Arizona Housing Bill Fails in State Senate

The bill would have eliminated some parking requirements, legalized more types of affordable housing, and promoted increased housing production.

1 minute read

March 14, 2023, 12:00 PM PDT

By Diana Ionescu @aworkoffiction

Drone view of colorful sunset over suburban neighborhood in Phoenix, Arizona

antsdrone / Phoenix, Arizona

A bill that aimed to boost housing production by loosening zoning regulations did not pass out of the Arizona Senate, reports Kevin Reagan for 12News, giving in to pressure from local leaders. “Many cities publicly opposed SB 1117 because they believed the legislation would have taken away their ability to make important zoning decisions.”

In an opinion piece in The Independent, the bill’s sponsor, Sen. Steve Kaiser, explained that the bill would only apply to cities of over 25,000 and would not “eliminate single-family zoning,” a commonly cited fear during zoning reform debates. Kaiser argues that the bill “would make it possible to accomplish the necessity laid out by the Arizona Department of Housing: We must build 270,000 new homes to repair the massive shortfall currently being experienced in our housing market.” According to Kaiser, it would bring down rent costs and put homeownership within reach for more Arizonans. The bill proposed eliminating off-street parking requirements, permitting small-lot homebuilding, and streamlining development by eliminating municipal design review panels, and legalizing accessory dwelling units (ADUs).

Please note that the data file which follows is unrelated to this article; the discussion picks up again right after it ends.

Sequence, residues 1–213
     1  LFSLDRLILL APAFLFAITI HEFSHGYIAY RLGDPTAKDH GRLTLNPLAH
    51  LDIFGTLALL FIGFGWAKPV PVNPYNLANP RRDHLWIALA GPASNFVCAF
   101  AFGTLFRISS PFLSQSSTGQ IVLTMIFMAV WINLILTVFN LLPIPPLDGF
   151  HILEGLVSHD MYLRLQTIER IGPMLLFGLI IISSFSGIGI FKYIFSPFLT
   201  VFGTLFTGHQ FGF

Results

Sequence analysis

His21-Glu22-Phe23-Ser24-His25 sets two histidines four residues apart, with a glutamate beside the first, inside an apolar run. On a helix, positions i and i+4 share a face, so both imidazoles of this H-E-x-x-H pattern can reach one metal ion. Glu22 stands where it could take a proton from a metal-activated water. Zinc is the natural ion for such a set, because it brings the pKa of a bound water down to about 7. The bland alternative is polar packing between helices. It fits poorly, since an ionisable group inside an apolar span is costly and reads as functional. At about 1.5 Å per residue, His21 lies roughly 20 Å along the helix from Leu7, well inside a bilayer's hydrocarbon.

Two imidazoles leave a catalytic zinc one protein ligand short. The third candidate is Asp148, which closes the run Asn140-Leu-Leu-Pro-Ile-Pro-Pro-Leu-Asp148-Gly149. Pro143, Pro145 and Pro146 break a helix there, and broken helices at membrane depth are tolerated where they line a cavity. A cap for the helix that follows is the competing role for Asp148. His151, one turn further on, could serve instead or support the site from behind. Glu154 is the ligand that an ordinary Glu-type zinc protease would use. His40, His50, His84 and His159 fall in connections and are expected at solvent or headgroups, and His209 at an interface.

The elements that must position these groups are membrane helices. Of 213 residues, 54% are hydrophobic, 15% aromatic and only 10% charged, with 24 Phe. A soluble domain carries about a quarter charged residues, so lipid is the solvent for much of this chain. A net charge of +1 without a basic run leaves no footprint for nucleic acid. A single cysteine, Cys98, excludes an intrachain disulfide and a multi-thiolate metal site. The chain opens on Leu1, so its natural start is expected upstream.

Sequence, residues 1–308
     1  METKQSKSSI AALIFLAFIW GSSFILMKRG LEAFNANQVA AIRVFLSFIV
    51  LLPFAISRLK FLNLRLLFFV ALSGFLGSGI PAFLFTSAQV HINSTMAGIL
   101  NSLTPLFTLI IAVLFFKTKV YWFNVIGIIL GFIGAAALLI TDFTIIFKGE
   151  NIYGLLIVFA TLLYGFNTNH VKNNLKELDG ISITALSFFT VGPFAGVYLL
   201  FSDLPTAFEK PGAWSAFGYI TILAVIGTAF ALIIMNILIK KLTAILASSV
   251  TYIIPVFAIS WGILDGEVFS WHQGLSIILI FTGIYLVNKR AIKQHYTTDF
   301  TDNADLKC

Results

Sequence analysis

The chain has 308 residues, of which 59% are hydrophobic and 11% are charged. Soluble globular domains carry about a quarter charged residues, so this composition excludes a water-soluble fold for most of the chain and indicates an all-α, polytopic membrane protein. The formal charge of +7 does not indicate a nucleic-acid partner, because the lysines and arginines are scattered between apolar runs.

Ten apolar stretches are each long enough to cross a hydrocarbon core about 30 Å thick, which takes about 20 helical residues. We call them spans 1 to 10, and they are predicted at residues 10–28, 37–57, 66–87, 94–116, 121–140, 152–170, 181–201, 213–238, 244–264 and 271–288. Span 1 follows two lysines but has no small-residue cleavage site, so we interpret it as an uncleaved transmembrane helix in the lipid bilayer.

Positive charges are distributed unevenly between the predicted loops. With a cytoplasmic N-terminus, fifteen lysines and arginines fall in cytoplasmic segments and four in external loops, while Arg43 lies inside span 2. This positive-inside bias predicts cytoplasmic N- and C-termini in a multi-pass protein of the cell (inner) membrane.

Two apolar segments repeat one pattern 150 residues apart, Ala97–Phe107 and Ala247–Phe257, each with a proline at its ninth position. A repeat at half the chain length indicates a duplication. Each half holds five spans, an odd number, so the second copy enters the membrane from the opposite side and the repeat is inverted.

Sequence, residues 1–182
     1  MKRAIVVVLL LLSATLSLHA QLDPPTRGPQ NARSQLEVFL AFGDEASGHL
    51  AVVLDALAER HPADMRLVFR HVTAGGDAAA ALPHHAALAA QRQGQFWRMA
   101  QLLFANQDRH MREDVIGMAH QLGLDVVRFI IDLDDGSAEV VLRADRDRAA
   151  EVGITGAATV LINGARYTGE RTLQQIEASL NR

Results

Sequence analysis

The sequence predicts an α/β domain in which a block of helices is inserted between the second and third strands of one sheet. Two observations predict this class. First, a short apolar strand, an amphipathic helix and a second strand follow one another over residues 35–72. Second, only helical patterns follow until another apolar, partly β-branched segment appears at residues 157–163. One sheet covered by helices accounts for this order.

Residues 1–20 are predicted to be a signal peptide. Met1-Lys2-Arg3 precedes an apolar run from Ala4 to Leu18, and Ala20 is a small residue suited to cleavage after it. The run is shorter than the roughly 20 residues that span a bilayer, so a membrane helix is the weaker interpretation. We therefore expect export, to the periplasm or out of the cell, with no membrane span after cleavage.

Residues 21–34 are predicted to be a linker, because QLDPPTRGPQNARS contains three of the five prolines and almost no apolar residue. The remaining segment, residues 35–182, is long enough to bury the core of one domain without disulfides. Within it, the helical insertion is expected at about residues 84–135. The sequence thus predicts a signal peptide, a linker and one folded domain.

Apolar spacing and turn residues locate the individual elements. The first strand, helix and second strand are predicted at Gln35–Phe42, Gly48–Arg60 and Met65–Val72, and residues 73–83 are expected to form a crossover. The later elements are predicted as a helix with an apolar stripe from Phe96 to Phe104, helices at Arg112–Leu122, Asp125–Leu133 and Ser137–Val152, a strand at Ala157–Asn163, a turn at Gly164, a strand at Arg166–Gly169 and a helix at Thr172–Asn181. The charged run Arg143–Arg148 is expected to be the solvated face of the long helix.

Reagan writes that “Kaiser, a Republican representing District 2, said Monday he'll continue working on finding solutions to fix the housing crisis.”

Monday, March 13, 2023 in 12News

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